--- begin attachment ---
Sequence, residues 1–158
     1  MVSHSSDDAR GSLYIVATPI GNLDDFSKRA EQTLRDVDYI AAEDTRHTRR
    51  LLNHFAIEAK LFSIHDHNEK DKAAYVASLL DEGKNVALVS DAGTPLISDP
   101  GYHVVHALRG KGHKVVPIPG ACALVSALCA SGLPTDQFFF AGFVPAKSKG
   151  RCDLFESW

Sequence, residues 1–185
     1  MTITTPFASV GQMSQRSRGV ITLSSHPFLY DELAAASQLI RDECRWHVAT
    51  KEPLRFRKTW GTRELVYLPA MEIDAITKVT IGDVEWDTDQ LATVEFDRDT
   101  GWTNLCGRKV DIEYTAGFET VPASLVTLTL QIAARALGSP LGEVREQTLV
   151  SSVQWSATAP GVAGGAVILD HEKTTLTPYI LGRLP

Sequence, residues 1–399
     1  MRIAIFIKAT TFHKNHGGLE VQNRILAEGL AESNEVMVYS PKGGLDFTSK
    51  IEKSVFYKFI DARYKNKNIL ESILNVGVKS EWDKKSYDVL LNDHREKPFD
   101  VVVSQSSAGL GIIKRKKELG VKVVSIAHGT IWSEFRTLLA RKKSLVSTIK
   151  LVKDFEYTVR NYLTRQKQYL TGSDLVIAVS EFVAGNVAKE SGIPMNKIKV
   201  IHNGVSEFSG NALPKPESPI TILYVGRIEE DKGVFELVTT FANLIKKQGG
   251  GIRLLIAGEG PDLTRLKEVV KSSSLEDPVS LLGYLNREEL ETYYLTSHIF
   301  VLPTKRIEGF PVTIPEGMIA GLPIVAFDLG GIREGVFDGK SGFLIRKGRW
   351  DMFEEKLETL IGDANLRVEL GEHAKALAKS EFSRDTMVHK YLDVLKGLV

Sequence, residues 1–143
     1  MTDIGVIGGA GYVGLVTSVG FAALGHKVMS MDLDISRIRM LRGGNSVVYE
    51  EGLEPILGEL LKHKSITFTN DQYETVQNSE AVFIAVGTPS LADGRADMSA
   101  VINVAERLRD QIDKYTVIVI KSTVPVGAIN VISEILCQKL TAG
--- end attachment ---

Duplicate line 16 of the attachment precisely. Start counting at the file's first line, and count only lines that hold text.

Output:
   201  IHNGVSEFSG NALPKPESPI TILYVGRIEE DKGVFELVTT FANLIKKQGG